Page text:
I gotta say, I’m pretty happy with what I’ve seen so far. It’s a quiet show so far. But it definitely has the feeling of an origin story going, where the Mandalorian is building his connections, and we are learning his world as he goes. The acting is solid. The CGI is very solid, especially for a TV show. And the writing is intriguing. I’m curious where this chaotic neutral bounty hunter is going to go. Sure, he’ll go wherever the money goes, but he will obviously be confronted with good and evil, and we’ll just have to see what he does with that over time. It’s like starting over from scratch with Han Solo. It’s going to be an interesting ride. But I’m not the only one that is seeing all kinds of goodness in this Disney+ clickbait that we’ve been given all of a sudden.
Happily, the show’s brisk, handsomely produced 39-minute premiere is a great deal of fun, giving fans reason to have a good feeling about this. — Brian Lowry, CNN.com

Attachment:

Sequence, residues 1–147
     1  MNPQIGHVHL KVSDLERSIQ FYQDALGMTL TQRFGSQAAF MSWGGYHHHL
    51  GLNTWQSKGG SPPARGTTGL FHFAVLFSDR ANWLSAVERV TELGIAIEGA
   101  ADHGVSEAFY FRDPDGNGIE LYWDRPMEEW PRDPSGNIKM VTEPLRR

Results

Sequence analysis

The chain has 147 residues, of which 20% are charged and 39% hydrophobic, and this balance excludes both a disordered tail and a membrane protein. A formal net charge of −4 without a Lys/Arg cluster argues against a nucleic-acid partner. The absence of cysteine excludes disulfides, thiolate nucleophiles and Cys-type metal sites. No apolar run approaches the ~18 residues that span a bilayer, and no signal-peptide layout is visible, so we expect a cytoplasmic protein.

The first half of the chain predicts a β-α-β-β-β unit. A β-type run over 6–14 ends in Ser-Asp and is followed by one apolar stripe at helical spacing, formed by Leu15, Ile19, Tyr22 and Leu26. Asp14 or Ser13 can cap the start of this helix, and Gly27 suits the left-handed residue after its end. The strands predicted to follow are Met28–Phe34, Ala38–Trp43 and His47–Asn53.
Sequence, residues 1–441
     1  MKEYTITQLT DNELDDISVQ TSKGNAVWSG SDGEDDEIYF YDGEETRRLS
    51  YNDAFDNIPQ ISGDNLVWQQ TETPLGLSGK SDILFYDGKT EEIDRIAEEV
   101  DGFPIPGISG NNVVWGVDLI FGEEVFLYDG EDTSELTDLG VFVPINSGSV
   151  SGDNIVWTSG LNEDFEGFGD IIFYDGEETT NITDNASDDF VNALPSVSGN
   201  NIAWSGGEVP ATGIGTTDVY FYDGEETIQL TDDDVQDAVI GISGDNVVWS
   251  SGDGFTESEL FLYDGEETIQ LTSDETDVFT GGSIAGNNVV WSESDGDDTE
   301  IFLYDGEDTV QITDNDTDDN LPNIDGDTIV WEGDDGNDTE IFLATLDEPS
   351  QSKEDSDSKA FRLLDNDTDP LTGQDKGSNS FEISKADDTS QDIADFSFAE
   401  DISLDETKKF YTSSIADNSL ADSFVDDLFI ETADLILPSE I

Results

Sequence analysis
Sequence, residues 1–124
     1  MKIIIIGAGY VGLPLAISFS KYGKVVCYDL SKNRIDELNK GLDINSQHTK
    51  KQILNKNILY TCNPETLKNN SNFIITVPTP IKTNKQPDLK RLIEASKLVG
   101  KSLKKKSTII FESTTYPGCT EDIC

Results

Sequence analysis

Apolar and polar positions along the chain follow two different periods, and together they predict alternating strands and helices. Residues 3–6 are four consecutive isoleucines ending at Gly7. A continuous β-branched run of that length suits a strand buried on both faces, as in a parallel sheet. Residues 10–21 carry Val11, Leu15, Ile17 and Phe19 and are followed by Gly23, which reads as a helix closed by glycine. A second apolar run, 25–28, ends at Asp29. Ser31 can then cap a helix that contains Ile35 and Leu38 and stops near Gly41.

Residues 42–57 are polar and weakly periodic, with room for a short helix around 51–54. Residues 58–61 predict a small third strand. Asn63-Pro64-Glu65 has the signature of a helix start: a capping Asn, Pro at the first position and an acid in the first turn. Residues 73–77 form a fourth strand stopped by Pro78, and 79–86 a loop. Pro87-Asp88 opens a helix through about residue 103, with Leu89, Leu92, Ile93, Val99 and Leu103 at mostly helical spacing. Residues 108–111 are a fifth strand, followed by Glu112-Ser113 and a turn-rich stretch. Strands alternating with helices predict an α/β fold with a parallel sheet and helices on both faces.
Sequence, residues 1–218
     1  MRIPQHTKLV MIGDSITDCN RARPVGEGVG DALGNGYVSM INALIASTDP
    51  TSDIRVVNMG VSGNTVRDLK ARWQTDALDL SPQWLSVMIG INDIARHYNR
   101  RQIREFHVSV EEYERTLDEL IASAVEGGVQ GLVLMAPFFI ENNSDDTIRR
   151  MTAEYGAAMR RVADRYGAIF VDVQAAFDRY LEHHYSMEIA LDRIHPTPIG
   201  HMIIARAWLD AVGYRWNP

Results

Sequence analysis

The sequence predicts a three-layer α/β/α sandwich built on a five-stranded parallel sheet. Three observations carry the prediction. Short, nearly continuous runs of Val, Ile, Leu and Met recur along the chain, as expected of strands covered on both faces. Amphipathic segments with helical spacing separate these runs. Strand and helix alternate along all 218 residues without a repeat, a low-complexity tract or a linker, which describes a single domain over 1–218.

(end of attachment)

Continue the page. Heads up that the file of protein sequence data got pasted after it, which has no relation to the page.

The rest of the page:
The Mandalorian is everything fans could have wanted from a live-action Star Wars TV show and with a killer performance from Pedro Pascal, it’s already clear this is going to be appointment viewing each week. — Josh Wilding, ComicBookMovie.com
The Mandalorian, more than anything Disney has produced outside of Rogue One, actually feels like Star Wars. — Joshua Tyler, Giant Freakin Robot
At least for a while, the Mandalorian and IG-11 form a bantering, gunfighting duo as the pilot begins aggressively aping Butch Cassidy & The Sundance Kid, which is about as good a thing to echo as I can imagine. — Dan Fienberg, Hollywood Reporter
The complexity introduced by Pascal’s performance, Favreau’s writing, and Filoni’s direction is enough to keep us engaged. Let’s just hope the rest of the world firms up around him. In Filoni and Favreau we trust. — Dave Trumbore, Collider
It really has been a wildly celebrated beginning to an interesting change for a firmly celluloid based experience. And I’m hopeful that the raves will just continue as round out season one. This could be an enormous universe to investigate, with infinite content potential. I am thoroughly optimistic at the start of this exciting new journey for the Star Wars galaxy. Can’t wait to see where it takes us.
Edited by: CY